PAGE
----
|Welcome to Camp HemoSOL!|
|Mumbai: a city of contrasts|
And here I am, sleeping in a canvas tent on the outskirts, showering with chilly water each morning, housed with about 40 boys with hemophilia who are attending Camp “HemoSOL” for three days, organized by the Hemophilia Society Mumbai Chapter, which cares for an astounding 1,250 persons with hemophilia. The air is sultry, mosquitoes swarm at dusk, sweat seeps out of pores and dampens our clothes. But the real atmosphere is joyous and electric, as these children generate megawatt smiles and endless laughter. Camp is where they come together as friends, play, swim, strategize at chess even while Anand, the reigning world champion and from India, battles a Norwegian in Chennai, where I’ll be next weekend.
|Chess is a national passion|
We took a two-hour tour through Mumbai’s clogged arteries and Indy-raceway-like highways to finally arrive at the quiet and remote campground—really a 16-acre function facility for weddings and retreats. Rustic by US-facility standards but very nice for its purpose here, the grounds host tents, a dining hall, an activity center (complete with a real, taxidermed Bengal tiger), swimming pool. The tents are roomy, with electricity, a bathroom and even a TV. Behind the facility snakes a river, to where goats clip-clop for a drink or bath.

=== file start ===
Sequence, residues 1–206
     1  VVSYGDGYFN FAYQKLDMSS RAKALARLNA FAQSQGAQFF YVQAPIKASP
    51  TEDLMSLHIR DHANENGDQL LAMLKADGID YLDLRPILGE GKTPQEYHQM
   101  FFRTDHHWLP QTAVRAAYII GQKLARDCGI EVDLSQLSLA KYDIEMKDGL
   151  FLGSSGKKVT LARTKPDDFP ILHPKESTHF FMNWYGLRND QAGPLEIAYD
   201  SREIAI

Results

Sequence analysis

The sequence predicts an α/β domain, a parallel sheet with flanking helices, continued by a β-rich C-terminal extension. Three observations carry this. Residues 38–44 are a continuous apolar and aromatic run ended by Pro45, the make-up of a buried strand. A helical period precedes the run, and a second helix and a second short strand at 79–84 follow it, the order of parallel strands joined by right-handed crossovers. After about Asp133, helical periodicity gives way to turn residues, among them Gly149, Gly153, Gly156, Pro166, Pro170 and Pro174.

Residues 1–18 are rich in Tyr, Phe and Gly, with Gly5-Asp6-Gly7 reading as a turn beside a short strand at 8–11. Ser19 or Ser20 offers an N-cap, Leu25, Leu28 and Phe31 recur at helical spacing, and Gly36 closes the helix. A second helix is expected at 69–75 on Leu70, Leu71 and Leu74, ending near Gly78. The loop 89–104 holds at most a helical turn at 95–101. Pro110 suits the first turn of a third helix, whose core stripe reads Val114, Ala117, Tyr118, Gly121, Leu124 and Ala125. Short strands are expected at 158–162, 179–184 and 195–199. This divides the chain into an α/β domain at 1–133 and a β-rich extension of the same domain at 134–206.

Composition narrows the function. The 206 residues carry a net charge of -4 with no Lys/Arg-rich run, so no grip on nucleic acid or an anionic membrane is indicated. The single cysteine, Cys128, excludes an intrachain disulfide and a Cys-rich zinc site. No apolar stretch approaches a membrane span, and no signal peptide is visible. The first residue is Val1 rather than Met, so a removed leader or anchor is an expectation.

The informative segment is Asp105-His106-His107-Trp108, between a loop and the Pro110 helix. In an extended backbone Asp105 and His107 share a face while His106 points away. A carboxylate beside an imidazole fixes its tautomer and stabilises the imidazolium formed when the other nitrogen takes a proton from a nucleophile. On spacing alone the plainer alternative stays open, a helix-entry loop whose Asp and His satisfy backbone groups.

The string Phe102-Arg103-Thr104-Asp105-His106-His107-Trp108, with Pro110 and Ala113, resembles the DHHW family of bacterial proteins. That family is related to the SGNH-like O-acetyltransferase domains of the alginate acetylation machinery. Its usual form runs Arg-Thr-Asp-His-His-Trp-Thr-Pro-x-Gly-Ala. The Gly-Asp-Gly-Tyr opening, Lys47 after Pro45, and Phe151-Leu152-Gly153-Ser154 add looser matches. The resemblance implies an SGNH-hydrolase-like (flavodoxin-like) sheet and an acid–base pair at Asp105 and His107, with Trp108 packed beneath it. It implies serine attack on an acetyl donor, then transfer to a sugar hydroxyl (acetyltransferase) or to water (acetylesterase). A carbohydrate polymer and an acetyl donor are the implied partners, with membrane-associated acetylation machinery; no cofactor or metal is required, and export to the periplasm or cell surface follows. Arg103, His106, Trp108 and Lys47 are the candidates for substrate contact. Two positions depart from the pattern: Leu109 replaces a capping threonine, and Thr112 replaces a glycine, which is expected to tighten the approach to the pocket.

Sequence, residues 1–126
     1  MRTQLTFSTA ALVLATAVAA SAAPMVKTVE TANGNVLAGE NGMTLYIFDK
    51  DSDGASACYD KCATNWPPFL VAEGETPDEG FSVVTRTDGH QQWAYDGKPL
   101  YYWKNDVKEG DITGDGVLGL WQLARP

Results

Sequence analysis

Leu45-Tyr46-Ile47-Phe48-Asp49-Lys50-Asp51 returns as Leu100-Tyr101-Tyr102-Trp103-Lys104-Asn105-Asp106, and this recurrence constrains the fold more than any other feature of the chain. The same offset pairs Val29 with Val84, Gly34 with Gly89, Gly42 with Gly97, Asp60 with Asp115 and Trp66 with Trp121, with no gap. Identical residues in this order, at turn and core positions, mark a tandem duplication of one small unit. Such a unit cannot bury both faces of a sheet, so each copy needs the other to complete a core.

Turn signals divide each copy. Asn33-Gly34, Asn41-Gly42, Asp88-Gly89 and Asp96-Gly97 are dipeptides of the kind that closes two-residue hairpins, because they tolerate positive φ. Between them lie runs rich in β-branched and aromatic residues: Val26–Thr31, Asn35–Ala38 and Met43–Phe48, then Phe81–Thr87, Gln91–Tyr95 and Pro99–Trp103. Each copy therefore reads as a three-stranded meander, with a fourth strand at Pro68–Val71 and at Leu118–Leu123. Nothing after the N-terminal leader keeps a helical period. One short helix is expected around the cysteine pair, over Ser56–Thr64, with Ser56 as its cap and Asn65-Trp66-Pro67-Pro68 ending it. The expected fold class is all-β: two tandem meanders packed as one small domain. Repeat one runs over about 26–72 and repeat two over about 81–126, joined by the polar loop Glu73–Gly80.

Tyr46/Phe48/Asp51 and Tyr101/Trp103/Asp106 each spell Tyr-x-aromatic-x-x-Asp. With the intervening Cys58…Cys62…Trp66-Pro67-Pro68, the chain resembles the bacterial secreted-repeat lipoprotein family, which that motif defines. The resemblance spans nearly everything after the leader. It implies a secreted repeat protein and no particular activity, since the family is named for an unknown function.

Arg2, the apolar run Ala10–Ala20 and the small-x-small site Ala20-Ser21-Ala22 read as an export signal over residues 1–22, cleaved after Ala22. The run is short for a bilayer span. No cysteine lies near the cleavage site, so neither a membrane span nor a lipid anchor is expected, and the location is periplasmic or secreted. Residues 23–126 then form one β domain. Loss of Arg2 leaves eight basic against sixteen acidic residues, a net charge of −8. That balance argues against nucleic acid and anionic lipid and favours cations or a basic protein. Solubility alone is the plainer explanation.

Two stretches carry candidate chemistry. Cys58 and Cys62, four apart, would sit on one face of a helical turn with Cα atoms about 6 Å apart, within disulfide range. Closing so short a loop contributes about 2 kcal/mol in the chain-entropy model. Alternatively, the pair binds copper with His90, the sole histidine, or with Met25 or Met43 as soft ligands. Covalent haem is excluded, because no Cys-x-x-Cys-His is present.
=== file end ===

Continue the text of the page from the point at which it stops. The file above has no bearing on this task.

|Applauding winners of arts & crafts|
We donate a large amount of factor to India each year, and now have over 500 children enrolled in Save One Life. India is the country with the most number of our beneficiaries. Why? Well, it has one of the highest populations of people with hemophilia; but it is also a very productive and efficient hemophilia society— the Hemophilia Federation (India). It was a good risk to launch our experimental program there in 2001, and it has not disappointed us.
So back to the Mumbai boys. I have rarely seen such a large group of boys with hemophilia living in a developing country in such good shape. This is no doubt due to the success of the Mumbai chapter in educating the boys and their families, and providing good medical care, including factor. They stand tall, have good joints and almost none walk with the crooked gait that see-saws the body. Mumbai has a good chapter but also good hospitals, physicians and access to factor.
|Boys everywhere love pooltime|
|Judging the arts & crafts|
|The Save One Life kids at camp|
The highlight of the camp was a visit by distinguished visitors: Yogacharya Dr. Hansraj Yadav, professor and Chair of Yoga at S.P. Jain Institute of Management and Research and two colleagues. Dr. Yadav is a guru, who taught the mesmerized boys breathing and physical techniques to relax themselves, to re-energize and to redistribute energy throughout their bodies. Yoga can help with stress and pain management. It was excellent and each child followed his lead as he demonstrated 10 simple techniques.
|HFI Logo and Slogan|
|Laurie with camper|